Pressure on gig economy drivers raises crash risk, study finds
Gig economy companies have been urged to reduce the intense pressure on self-employed taxi drivers and couriers as this may increase the risk of being involved in a collision, a study by University College London (UCL) has found.
The study is based on survey responses from more than 200 taxi drivers and parcel and food couriers who work in the gig economy, as well as 48 in-depth interviews with gig workers and their managers.
The researchers from the UCL’s Centre for Transport Studies found that 42% of the online sample had damaged their vehicles in a collision at work.
Nearly half (47%) said they would break the speed limit to meet time pressures and 30% admitted they had gone through a red light. The mobile phone apps used to receive jobs were a distraction for 40%.
Stress and fatigue were also cited as risk factors, with 16% of respondents agreeing that they had struggled to stay awake at the wheel.
Co-author of the report, The Emerging Issues for Management of Occupational Road Risk in a Changing Economy, Heather Ward, said: “Our findings highlight that the emergence and rise in the popularity of gig work for couriers could lead to an increase in risk factors affecting the health and safety of people who work in the gig economy and other road uses.
“As more workers enter the gig economy and competition rises, the number of hours they need to work and distances they must travel to earn a stable income both increase. We know this is an issue but don’t know exactly how far it extends as not all companies need to report the number of self-employed couriers they use to the government.”
The report found that only 26% of self-employed drivers believed that the companies they worked for took responsbility for their safety; 63% had not received any safety training on occupational road risk. The majority – 65% – had not been given any safety equipment such as hi-vis vests.
Almost half of the sample (45%) disagreed with the statement: “There is a person at my gig company that I can contact if I have any concerns about safety at work”.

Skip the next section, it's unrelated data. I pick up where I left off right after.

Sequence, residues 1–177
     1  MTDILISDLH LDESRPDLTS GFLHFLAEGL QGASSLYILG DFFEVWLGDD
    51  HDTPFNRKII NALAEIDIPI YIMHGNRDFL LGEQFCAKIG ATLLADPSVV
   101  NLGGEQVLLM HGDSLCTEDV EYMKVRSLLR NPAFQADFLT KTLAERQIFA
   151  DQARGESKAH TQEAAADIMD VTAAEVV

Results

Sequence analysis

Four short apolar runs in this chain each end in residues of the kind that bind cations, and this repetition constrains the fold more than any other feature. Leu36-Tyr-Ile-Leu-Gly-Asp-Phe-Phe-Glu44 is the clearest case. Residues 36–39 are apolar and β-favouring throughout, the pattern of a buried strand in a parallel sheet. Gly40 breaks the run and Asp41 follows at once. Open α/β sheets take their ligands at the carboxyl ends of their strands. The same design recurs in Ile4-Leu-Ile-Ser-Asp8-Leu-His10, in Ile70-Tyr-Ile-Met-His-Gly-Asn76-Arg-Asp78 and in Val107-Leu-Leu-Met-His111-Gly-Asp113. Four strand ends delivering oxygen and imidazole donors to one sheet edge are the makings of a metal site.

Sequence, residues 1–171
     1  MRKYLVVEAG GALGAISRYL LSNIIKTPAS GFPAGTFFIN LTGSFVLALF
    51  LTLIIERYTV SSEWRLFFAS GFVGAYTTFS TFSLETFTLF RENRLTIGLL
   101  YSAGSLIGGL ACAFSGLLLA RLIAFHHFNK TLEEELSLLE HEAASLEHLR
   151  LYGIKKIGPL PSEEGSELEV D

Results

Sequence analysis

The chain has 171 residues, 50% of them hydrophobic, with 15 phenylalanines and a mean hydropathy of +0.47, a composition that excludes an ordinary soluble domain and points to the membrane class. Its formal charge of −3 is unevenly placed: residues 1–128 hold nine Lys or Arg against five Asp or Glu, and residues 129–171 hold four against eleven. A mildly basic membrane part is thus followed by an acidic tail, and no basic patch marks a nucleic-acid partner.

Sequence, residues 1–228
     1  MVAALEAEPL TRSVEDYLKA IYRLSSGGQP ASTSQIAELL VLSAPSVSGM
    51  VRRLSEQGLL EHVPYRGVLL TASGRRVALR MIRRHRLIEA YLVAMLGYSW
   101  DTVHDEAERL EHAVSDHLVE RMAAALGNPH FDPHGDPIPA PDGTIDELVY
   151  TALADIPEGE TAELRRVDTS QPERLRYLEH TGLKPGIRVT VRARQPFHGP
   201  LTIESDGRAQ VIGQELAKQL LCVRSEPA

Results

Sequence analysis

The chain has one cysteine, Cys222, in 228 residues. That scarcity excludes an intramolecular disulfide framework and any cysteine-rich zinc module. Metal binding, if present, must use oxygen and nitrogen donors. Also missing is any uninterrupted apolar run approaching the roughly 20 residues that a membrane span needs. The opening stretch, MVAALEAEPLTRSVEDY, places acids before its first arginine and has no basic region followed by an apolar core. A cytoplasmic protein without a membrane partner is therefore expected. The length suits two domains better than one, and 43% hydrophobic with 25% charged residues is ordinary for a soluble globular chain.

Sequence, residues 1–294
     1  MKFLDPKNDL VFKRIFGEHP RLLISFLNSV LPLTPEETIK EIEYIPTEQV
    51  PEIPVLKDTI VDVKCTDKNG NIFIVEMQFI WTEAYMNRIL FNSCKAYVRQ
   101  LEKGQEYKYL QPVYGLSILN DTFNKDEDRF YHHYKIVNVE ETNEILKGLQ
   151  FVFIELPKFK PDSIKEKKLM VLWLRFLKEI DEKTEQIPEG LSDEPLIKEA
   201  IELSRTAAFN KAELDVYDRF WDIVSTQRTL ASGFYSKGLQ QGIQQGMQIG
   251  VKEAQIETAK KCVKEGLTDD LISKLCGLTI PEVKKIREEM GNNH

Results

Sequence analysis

The report recommends that gig companies pay couriers based on the time worked rather than the number of packages delivered (known as the drop rate) to depressurise work.
It says drivers should not be required to accept or reject jobs on their smartphones while moving and advised companies against incentivising riders and cyclists to take extra risks by paying a higher rate to work in poor weather conditions.
The report urges managers of gig economy workers to use collisions and near-misses as learning opportunities and recommends there should be someone in each company responsible for the safety of its drivers and riders.
“In previous years the UK had a good road safety record, but deregulation over the last few years as left self-employed couriers and taxi drivers at an increased risk of exploitation. The Health and Safety Executive has regulations on safety at work, but these don’t apply to those whose work takes place on public highways,” said co-author Dr Nicola Christie.
“I hope to see the recommendations in this report taken on board by the Department for Transport (DfT) and incorporated into health and safety regulations as the gig economy is set to continue to increase.”
John Greenhough, fleet consultant at RoSPA, said: “This demonstrates the need, more than ever, for all employers to develop a systematic approach to managing occupational road risk that is appropriate t their business.”
Mick Rix, national officer for the GMB trade union, said: “The damning conclusions of this report back up what GMB has been saying for years – gig economy employers, particularly courier companies, are exposing delivery drivers, riders and the public to unacceptable risks to their health and safety.
“Our members tell us every day how Amazon delivery and work schedules are so demanding drivers work through breaks and do dangerously long hours.
“Companies such as Amazon and their delivery firms have passed all the risk and responsibilities to drivers and are avoiding their employer responsibilities and public safety obligations.
“GMB calls on the government to bring forward legislation to enhance driver and public safety – the same laws which exist for those working in the more traditional employment models.”
Figures from the DfT show that work-related road accidents in Great Britain in 2016 killed 529 people and seriously injured 5,269.
Keeley Downey is assistant editor of IOSH Magazine